Fashion Leaning on AI for a Makeover of Its Business Model, to be More Green 

By AI Trends Staff 

A Los Angeles fashion house is using AI to change the business model of the fashion industry, which historically has high risks related to unsold inventory.  

Finesse is using AI to tailor limited releases of merchandise, called “drops,” in response to votes from customers on its website.   

Ramin Ahmari, Founder and CEO, Finesse

“Fashion nowadays creates thousands of pieces every month. We created this because we want fashion to be more sustainable,” stated Ramin Ahmari, founder and chief executive of Finesse, in a recent account in Fortune.  

Sustainability is a theme of many young entrepreneurs in the fashion industry, who aim to apply technology to make better use of forecasting, pricing and operational research to reduce waste. 

Finesse closed a $4.5 million seed round of financing in January. The company is now listing eight limited-edited drops on its website, from street wear to dresses, that were chosen carefully by analyzing data including social media trends and customer votes. The idea is to produce the products most likely to sell in small lots. “We will only have the stuff that sells,” Ahmari stated.  

He started his career on Wall Street, with summer internships at Morgan Stanley, BlackRock and TwoSigma, a hedge fund, where he explored data analysis.  “We would look at financial data and make multimillion-dollar decisions,” he stated. “But we don’t look at social data in the same way, even though it’s quite expressive and can tell us what kinds of items are worth the investment.” 

He used that idea as a foundation to launch Finesse, which closely tracks quantitative research and text data on social media, online blogs, and Google trends. “It’s pattern matching, trying to make sense of unstructured social data,” he stated. “We take inspiration, and we go into production on that.”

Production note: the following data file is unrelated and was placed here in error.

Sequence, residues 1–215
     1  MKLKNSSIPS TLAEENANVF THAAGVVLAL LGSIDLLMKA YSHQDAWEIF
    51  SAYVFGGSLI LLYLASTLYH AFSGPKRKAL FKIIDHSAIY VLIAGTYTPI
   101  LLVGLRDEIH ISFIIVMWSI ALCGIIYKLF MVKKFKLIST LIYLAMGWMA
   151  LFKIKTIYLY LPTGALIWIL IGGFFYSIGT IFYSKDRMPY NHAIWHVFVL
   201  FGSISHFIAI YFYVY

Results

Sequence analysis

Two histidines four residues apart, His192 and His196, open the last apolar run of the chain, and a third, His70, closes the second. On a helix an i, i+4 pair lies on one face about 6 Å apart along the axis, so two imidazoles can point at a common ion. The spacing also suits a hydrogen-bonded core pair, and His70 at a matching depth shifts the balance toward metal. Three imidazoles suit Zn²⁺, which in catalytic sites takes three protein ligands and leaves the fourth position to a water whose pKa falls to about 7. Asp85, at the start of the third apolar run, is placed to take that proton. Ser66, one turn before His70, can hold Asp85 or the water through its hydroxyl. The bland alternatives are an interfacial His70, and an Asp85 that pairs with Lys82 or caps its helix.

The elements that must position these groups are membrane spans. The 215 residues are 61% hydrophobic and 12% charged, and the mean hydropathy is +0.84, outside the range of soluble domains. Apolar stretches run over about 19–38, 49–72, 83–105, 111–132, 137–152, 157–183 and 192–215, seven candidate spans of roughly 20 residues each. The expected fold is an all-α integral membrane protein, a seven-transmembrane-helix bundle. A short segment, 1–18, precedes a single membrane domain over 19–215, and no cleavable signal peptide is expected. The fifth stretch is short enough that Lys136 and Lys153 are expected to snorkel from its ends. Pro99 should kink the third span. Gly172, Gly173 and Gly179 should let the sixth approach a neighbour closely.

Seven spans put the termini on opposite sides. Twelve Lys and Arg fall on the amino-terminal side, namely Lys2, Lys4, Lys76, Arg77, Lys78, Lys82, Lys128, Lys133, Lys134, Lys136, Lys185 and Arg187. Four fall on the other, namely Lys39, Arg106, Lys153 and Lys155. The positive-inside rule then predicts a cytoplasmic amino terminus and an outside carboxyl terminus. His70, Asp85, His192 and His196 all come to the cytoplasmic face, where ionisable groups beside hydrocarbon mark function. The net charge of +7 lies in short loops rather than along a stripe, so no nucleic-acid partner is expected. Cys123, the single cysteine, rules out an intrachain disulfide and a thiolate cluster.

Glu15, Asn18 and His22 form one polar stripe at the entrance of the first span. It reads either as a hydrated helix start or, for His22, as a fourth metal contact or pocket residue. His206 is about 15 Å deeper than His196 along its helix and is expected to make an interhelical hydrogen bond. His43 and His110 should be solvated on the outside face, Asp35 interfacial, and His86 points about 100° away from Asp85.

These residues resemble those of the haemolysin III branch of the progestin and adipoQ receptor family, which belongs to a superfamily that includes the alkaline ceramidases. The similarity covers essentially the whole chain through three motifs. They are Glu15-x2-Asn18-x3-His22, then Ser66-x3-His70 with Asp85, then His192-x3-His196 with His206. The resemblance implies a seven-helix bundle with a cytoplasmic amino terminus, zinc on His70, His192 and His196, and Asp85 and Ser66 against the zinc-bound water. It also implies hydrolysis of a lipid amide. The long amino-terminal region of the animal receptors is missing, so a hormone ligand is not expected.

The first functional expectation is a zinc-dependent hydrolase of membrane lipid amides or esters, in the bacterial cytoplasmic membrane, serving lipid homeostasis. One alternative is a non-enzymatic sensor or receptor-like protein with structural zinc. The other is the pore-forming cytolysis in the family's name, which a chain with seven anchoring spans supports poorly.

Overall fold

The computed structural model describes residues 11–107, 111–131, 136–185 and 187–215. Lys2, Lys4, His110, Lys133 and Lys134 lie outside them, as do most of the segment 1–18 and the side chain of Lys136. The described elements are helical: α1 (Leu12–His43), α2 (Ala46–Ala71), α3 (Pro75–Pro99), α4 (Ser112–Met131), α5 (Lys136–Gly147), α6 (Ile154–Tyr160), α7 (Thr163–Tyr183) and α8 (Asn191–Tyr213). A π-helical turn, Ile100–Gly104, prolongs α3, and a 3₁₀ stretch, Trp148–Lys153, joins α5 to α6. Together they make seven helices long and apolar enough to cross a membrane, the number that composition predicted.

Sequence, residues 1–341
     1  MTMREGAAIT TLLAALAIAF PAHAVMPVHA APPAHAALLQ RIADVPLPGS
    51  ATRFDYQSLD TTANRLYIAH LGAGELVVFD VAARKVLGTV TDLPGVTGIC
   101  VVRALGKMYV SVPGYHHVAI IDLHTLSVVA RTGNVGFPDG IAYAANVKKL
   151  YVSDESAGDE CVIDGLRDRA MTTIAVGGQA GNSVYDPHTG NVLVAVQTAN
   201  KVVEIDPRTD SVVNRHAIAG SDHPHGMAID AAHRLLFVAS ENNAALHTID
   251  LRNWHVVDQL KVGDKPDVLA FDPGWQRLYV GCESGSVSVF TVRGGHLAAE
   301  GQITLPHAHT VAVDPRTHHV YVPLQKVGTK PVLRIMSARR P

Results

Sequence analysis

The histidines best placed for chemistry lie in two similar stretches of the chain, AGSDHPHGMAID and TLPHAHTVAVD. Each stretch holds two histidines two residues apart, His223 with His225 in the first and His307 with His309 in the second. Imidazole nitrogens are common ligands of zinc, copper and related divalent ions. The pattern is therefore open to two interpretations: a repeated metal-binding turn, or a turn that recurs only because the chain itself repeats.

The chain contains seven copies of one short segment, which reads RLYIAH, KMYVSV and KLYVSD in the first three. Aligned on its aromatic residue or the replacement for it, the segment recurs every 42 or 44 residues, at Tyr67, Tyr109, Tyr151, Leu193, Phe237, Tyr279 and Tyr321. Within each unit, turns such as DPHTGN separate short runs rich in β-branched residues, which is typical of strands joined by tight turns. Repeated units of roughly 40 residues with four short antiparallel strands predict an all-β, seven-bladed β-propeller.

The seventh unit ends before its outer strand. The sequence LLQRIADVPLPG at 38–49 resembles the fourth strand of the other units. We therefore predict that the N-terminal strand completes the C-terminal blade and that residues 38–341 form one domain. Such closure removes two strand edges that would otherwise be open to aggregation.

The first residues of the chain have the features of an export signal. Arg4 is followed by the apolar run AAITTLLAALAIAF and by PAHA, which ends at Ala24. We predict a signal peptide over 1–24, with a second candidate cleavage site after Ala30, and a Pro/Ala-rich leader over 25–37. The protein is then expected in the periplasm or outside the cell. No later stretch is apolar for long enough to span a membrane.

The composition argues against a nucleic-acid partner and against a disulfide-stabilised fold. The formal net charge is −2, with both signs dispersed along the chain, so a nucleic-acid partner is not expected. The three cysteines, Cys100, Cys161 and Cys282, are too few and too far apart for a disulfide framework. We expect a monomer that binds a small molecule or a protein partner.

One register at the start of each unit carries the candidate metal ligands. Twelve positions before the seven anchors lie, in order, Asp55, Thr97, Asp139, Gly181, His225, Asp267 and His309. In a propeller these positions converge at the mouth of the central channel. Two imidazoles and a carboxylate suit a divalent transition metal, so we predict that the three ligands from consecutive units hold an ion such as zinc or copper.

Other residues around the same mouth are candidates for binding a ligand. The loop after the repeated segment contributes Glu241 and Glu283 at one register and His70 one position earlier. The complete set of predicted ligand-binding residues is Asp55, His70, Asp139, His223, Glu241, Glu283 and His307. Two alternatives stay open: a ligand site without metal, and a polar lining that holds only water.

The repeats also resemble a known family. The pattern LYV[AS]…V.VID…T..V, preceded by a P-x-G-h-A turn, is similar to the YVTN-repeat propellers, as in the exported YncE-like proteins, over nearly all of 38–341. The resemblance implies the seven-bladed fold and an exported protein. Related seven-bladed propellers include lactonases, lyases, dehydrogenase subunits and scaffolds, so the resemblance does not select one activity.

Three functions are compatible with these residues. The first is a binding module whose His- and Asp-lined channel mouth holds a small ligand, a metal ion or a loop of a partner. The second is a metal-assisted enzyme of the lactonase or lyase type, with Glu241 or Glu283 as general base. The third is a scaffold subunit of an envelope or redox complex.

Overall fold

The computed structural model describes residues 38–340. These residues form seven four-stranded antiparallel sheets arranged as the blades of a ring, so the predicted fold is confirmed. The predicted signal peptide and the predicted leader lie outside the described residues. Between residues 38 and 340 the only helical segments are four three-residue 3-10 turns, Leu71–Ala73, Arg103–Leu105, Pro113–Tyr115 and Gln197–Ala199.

The company uses 3D virtual prototyping to produce designs, bypassing the need for physical samples. It uses the data it has gathered to make a prediction on how much to manufacture, predictions that should get better over time as more data is gathered.  

Data Scientist Created Sustainability Benchmark for Fashion Industry 

One sustainability consultant sees the fashion industry as being in a good position to exploit AI technology trends to its benefit as Finesse is doing.   

Joanneke Meijer, a Manager at Amsterdam Data Collective

We believe that the industry can move toward sustainability by determining sustainable brands,” stated Joanneke Meijer, a Manager at Amsterdam Data Collective and initiator of a benchmark to measure a fashion brand’s degree of sustainability, in an account at Open Data Science.. She is an experienced data science consultant, focusing on forecasting, pricing, operational research, and text mining. “We use scraping, artificial intelligence, natural language processing, and explainability to provide more sustainable clothing information, faster than current approaches,” she stated.